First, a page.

Performance Menu for Backcountry Bowhunting

By Dan StatonSeptember 25, 20131 Comment

LAST UPDATED: May 1st, 2015

Backcountry is home to long hikes, sweat soaked backpacks, and massive caloric expenditure. The nutritional needs of a backcountry bowhunter are daunting to fulfill, but a conscious effort must be made to promote your best hunting performance.  It’s probably not realistic to consume enough calories to keep up with the demand of an extended backcountry hunt, but this is not the time to try to lose weight – that will probably be unavoidable.  If your objective is to hunt as hard as you can, start to finish, you need to know how to eat for performance.

Man Atop a HillIn order to traverse the back country a bowhunter must be in top physical condition. This begins and ends with proper nutrition.

Meal Components
Breakfast comes fast and remembering to snack is hard to do when you’re hunting your ass off in the backcountry.  I don’t spend much time in the morning worrying about breakfast; besides mornings are the best time to find your target.  I bring 8-10 cups of old fashioned rolled oats oatmeal.  I simply boil water before first light, cook my oatmeal and have instant Starbucks coffee.  In a separate bag, I drop a scoop of Wilderness Athlete Meal Replacement (vanilla) into the cooked oatmeal. This adds another 230 calories and 18 more grams of protein to my morning meal.  Add a quarter cup of walnuts/dried fruit to the oatmeal and you’re set with jet rocket fuel for the mountains.  Just remember….do not skip breakfast.

Nutrient Rich MealsMountain House makes a variety of great tasting, nutrient rich meals that are easy to prepare in the backcountry.

I don’t pack bagels, cookies, crackers, and peanut butter because they don’t pack as well, they’re more difficult to ration, and they usually lack balanced macronutrient ratios.  Macronutrients are simply proteins, carbohydrates, and fats.  In fact, the ratio of macronutrients in the meals you eat is the key to permanent weight control, optimal health, and sustained energy.  Protein bars are convenient because you can eat them on the go and their serving size of 200-300 calories per bar makes juggling peanut butter jars or 6-count bags gratuitous.  Find a protein bar that actually tastes good to you. Look for at least 15 grams of protein, and get a variety going so you actually look forward to eating.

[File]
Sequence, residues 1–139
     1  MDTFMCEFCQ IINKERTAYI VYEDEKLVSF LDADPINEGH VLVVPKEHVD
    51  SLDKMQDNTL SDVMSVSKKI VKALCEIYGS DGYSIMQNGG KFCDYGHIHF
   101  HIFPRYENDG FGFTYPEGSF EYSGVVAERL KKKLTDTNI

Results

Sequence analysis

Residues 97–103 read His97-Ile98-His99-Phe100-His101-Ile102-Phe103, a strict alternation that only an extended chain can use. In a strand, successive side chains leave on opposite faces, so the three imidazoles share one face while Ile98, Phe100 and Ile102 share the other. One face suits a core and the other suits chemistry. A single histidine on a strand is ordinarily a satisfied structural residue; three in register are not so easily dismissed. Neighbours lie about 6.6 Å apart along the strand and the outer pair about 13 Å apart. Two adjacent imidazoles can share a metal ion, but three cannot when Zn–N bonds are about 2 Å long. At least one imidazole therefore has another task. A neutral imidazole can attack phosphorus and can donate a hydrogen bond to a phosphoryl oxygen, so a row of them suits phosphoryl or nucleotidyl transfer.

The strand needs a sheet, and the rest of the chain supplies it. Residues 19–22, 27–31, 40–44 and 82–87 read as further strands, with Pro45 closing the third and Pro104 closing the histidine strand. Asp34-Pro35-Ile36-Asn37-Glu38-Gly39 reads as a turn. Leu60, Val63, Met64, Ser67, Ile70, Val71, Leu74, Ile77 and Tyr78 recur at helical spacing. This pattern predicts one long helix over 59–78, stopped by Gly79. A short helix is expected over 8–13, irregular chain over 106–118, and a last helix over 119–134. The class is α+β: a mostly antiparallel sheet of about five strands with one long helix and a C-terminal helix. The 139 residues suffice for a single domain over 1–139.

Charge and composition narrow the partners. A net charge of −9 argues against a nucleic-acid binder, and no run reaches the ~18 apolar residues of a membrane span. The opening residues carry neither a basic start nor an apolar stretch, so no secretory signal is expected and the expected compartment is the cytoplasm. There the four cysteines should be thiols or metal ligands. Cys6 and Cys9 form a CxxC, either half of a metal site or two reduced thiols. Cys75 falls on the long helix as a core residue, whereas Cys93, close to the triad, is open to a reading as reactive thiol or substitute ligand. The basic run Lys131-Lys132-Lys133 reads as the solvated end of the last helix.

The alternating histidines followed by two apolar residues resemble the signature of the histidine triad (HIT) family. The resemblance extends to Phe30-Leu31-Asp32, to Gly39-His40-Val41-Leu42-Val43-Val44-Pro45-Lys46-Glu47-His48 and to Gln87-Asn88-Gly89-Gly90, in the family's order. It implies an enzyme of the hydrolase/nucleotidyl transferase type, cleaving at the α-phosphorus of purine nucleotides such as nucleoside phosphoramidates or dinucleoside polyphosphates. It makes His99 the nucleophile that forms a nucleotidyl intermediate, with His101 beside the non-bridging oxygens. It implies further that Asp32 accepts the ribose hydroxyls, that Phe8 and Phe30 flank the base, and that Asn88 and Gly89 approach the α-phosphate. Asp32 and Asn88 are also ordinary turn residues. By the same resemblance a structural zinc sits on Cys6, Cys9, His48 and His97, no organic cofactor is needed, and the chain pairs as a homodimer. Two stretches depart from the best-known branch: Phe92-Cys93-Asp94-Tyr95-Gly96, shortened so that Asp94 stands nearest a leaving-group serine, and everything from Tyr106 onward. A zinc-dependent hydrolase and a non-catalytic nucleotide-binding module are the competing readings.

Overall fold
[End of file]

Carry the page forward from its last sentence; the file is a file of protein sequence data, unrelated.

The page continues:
For dinner, I almost always cook myself a hot meal after chasing backcountry bulls, bucks, or bears.  The term “cooking” I use very loosely because this entails foods that require 1-2 cups of boiling water and that’s the extent of it.  The reasoning behind this is simple, a long day of hunting will leave me tuckered out and any conservation of precious energy is important, plus I don’t have to pack as much cooking fuel around.  These freeze-dried meals are Mountain House and the following is my top five for taste and ideal macronutrient ratios.

1.         Grilled Chicken Breasts with Mashed Potatoes / 200 calories per serving

2.         Beef Stew / 250 calories per serving

3.         Turkey Tetrazzini / 270 calories per serving

4.         Spaghetti & Meat Sauce / 280 calories per serving

5.         Precooked Scrambled Eggs / 330 calories per pouch

My days usually start with a 500-calorie breakfast previously mentioned, followed with a small snack every 2 hours of 200-250 calories; I eat my last snack about 2 hours before dark so I can chase after that last light bugling bull.  In my opinion, grazing is like getting a steady IV injection of nutrients.   It will sustain your energy levels, minimizes the length of a hunger pang, and prevent big ticket meals that sit heavy in your stomach and promote nap time.

Staying FueledStaying “fueled” will help you close the deal when that big buck or bull steps into range. This can be accomplished by grazing throughout the day.

Proper Caloric Intake
The key is finding your individual caloric need for the backcountry based upon your bodyweight, type of terrain, pack weight, miles hiked, and fitness level.  I don’t have as much experience in the backcountry as some, but I will tell you that in order to maintain my body weight on the trail requires about four pounds of food per day which isn’t realistic to carry on a multi-day hunt.  Weight loss is fairly unavoidable and perhaps some bowhunters out there could afford to drop a few pounds, but this is not the time to starve your hungry muscles.  Your intake should fuel your active muscles, encourage recovery, and keep you satisfied throughout the hunt.

General Guidelines